Chemical Engineering

featured Chemical Engineering stories
A Kirigami lattice. Photo: Joseph Xu/Michigan Engineering

Kirigami can spin terahertz rays in real time to peer into biological tissue

The rays used by airport scanners might have a future in medical imaging.|Medium Read
Rane Curl

In Memoriam: Rane Curl

Professor Curl, Professor Emeritus of Chemical Engineering, died on May 12 2019.|Medium Read
Chemical Engineering NSF Fellows 2019

Seven ChE students named NSF Fellows

Congratulations to our most recent National Science Foundation Graduate Research Fellowship Program (NSF-GRFP) recipients|Medium Read
Susan Montgomery

Susan Montgomery receives achievement award

She is cited for her dedication to mentoring students and improving the climate in the College.|Short Read
The wearable device measures roughly 2 x 2.75 x 1 inches, with the cancer-cell-capturing chip mounted on top. The catheter connecting to the patient runs through the hole in the top left corner. Illustration by Tae Hyun Kim, Nagrath Lab, University of Michigan.

Biopsy alternative: “Wearable” device captures cancer cells from blood

New device caught more than three times as many cancer cells as conventional blood draw samples.|Medium Read
William (Billy) Kelley and Joseph (Joey) Cicchese

Two doctoral students awarded graduate fellowships

Joseph Cicchese and William Kelley receive 2019 Rackham Predoctoral Fellowship Awards |Short Read
Reggie Rogers

Reggie Rogers will be the keynote speaker at graduate recruiting breakfast

He will emphasize the importance of the students becoming well-rounded individuals as they try to balance school and their personal lives.|Medium Read
Mark Burns

Mark Burns is the 2019 Rexford E. Hall Innovation Excellence Award Winner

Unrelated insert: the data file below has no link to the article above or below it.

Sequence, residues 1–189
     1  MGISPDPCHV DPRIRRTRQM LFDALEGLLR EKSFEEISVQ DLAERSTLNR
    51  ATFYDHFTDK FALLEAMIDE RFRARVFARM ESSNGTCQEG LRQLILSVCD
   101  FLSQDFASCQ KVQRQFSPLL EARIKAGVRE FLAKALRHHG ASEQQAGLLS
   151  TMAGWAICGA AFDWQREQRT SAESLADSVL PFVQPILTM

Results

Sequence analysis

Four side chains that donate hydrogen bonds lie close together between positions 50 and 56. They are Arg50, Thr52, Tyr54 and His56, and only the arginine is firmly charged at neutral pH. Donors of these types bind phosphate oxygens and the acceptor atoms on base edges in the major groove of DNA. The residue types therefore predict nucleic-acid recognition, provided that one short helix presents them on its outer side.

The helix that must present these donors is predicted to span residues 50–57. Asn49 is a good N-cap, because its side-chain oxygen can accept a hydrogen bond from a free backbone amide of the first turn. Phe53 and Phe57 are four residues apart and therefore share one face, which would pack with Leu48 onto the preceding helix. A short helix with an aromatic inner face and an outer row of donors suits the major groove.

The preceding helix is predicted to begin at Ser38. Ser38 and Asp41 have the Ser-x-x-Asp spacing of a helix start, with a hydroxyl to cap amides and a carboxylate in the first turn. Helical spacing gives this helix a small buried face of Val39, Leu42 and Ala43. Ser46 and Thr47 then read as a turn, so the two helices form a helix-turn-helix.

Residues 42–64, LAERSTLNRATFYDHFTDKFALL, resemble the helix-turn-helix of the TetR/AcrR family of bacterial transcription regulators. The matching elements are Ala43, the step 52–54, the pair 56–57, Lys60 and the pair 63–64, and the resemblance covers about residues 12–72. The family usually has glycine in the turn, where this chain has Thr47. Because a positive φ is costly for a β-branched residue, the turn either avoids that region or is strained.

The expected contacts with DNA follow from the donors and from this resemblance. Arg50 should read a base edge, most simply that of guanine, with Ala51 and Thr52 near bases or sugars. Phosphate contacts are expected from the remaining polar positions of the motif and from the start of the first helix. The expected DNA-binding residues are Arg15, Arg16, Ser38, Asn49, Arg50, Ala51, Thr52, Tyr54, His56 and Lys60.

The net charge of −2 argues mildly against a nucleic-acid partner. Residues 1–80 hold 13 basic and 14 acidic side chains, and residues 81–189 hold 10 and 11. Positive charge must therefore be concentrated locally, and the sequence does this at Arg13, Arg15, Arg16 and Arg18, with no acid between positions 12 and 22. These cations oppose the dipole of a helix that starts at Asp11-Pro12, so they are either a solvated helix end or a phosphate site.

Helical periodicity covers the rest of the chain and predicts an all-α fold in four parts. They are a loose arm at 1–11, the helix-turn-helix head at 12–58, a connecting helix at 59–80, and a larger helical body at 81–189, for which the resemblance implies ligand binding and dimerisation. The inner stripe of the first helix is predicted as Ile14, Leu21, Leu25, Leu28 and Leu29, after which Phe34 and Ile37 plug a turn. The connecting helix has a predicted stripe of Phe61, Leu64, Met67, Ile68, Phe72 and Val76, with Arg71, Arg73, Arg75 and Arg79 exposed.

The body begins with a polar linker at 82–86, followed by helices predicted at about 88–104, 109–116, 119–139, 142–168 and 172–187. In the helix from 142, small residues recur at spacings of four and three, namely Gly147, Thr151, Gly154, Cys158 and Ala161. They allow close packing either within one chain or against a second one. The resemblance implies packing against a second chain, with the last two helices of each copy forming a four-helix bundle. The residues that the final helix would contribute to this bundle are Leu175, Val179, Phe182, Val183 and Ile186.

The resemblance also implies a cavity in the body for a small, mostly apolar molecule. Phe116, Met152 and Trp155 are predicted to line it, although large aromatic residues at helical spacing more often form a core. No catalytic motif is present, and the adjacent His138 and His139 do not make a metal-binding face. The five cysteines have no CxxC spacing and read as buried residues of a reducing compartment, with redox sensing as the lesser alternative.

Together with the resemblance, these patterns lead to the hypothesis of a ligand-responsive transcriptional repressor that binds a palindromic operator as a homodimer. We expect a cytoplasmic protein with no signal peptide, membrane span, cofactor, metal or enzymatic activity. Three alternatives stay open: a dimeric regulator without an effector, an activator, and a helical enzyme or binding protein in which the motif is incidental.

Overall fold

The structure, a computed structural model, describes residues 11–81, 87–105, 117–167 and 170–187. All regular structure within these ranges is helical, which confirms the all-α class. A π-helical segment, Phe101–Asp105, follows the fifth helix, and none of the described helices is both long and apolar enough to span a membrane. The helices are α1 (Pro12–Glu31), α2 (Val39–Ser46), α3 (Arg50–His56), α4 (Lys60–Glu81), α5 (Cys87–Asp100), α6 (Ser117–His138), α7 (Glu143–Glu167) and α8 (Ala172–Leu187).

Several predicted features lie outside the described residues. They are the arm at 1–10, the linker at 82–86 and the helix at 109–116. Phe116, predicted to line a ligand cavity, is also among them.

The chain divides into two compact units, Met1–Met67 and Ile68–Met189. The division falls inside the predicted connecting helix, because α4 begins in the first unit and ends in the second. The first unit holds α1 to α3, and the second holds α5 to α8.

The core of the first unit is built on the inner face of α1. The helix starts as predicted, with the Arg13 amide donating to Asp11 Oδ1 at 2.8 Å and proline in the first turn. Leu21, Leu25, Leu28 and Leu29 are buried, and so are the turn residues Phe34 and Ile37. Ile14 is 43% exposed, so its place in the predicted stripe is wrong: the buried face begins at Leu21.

Honored for his pioneering research at Michigan|Short Read
Power plant on the water. Getty Images.

Global CO2 Initiative announces advisory board

A diverse group of leaders in technology, research, policy, and industry assemble to drive development of a critical climate solution.|Medium Read
Portrait of Sharon Glotzer

Sharon C. Glotzer elected to National Academy of Engineering

Glotzer joins Michigan Engineering dean, IOE professor as newest members of the nation’s most prestigious engineering association.|Medium Read
Fei Wen

Fei Wen wins 2019 David E. Liddle Research Excellence Award

Young investigator in the field of personalized immunotherapy and biocatalysis is recognized for her achievements and innovation.|Short Read
Two stacked rings made from pairs of oppositely “supercharged” green fluorescent proteins (GFPs). Colors correspond to the actual fluorescence wavelength of the GFP molecules; the ribbons are derived from the structural model validated by observing cryogenically frozen proteins with an electron microscope. Image: Jens Glaser, Glotzer Group, Michigan Engineering, and Yi Zhou, UT Austin Department of Molecular Biosciences (background).

Toward protein nanomachines: just add charge

Added electrical charges can harness a protein’s shape and chemical properties to build interesting structures.|Medium Read